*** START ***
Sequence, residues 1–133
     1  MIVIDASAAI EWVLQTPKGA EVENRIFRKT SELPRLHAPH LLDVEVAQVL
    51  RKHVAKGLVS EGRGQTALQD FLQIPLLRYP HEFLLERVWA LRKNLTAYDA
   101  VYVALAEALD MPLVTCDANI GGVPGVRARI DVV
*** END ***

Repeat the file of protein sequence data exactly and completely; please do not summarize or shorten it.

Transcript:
Sequence, residues 1–133
     1  MIVIDASAAI EWVLQTPKGA EVENRIFRKT SELPRLHAPH LLDVEVAQVL
    51  RKHVAKGLVS EGRGQTALQD FLQIPLLRYP HEFLLERVWA LRKNLTAYDA
   101  VYVALAEALD MPLVTCDANI GGVPGVRARI DVV